We all know we need calcium for strong bones. However, recent headlines have pointed to concerns that calcium supplements may raise your risk of heart disease.

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Understanding Your Calcium Needs

Most of us rely on food sources to get the calcium we need. If your body doesn’t get enough calcium, it takes it from your bones, causing them to lose mass and become weaker over time. This can, in turn, lead to health problems such as osteoporosis.

Our calcium needs increase with age:

  • Women younger than 50 and men under 70 need 1,000 milligrams of calcium daily.
  • Women older than 50 and men older than 70 need 1,200 milligrams daily.
  • That amount should be spread throughout the day.

Your body also needs vitamin D to absorb calcium. That’s why many foods are fortified with both.

Calcium Supplements and Heart Health

Some people take supplements when they aren’t able to get enough calcium through food. There’s been some recent concern that supplements may hurt your heart health.

One study in the Journal of the American Heart Association (JAHA) found that people who took calcium supplements were more likely to develop heart disease. However, in the same study, people who had the highest calcium intake, even with the help of supplements, had lower rates of heart disease. It also found that those who took more than 1,400 milligrams of calcium per day through supplements had higher rates of heart disease and other problems.

In another study, the National Osteoporosis Foundation and the American Society for Preventive Cardiology brought a panel of experts together with an independent review team to analyze the impact of calcium on cardiovascular health. Based on their findings, both organizations believe that calcium intake from food or supplements will neither harm nor help improve cardiovascular health in generally healthy adults.

Feeling confused?

The primary concern with supplements is that they may cause more plaque to build up in your arteries, leading to heart attack and other cardiovascular problems. This may be because your body doesn’t know how to handle the supplements as well as it does calcium from food.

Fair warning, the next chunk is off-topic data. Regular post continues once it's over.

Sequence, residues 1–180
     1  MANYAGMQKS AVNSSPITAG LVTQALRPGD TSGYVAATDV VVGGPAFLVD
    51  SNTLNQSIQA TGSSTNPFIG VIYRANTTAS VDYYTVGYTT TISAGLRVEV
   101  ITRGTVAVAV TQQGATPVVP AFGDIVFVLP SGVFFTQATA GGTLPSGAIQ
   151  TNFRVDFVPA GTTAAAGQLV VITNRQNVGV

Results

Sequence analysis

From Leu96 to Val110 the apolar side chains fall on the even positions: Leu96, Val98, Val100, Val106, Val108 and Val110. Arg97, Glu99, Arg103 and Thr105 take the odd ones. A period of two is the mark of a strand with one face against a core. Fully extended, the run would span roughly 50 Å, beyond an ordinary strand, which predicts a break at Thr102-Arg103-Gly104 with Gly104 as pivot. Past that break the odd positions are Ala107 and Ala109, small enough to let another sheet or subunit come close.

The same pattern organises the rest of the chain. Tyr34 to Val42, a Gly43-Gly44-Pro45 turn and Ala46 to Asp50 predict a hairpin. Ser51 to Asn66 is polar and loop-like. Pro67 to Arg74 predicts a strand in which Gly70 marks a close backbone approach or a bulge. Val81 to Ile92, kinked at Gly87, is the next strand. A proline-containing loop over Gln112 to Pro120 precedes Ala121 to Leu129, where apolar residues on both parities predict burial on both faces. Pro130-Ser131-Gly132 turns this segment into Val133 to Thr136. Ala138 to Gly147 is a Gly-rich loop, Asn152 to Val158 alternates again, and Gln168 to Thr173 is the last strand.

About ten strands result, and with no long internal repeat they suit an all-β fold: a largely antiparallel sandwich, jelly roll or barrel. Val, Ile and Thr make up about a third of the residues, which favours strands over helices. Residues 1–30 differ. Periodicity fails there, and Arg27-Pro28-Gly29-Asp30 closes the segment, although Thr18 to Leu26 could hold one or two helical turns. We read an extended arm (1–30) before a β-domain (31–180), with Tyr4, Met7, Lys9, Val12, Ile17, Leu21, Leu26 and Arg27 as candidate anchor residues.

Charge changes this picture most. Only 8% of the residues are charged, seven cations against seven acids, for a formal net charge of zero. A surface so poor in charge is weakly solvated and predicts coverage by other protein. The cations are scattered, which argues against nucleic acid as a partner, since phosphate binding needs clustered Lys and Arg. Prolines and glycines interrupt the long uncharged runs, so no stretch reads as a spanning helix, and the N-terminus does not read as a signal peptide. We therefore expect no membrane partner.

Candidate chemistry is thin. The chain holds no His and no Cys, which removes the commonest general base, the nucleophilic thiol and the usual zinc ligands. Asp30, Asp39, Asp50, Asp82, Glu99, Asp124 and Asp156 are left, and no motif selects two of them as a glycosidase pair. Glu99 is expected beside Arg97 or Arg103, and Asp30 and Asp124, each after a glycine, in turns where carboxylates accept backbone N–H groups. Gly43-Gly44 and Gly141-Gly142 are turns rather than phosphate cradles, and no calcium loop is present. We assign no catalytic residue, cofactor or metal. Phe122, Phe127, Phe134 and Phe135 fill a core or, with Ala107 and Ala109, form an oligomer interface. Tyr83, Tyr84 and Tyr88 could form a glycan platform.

No studies have shown negative effects when getting calcium from food. In fact, the JAHA study found that those who met their calcium needs through food sources alone saw the most benefit and had a lower risk of developing heart disease.  Also note, the study was not designed to prove that the supplements were the cause of increased heart disease.  More research is needed to know for sure.

Getting Enough Calcium

Getting your calcium intake through food is always best. Pay attention to your diet and talk with your registered dietitian or doctor about where you might be falling short.

Change up your diet to include more calcium-rich foods, such as fat-free milk, low-fat cheese, yogurt, or green leafy vegetables. Also, include vitamin D sources (ex. fortified dairy, salmon, eggs) and get a little safe sun exposure to help you to use the calcium you take in.

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If you and your doctor feel you need a supplement, the National Osteoporosis Foundation recommends starting with a small dose of about 200 to 300 milligrams daily, taken with food. Work your way up to what’s needed. Your body is able to absorb small amounts at a time, taken throughout the day.

Calcium and vitamin D needs vary from person to person. Be sure to talk with your doctor about your risk for heart disease and osteoporosis to decide what’s best for you. Supplements should always be used with the advice of your doctor to make sure they don’t interfere with any other medications you’re taking.

About Heart and Vascular Institute

The UPMC Heart and Vascular Institute has long been a leader in cardiovascular care, with a rich history in clinical research and innovation. As one of the first heart transplant centers in the country and as the developer of one of the first heart-assist devices, UPMC has contributed to advancing the field of cardiovascular medicine. We strive to provide the most advanced, cutting-edge care for our patients, treating both common and complex conditions. We also offer services that seek to improve the health of our communities, including heart screenings, free clinics, and heart health education. Find an expert near you.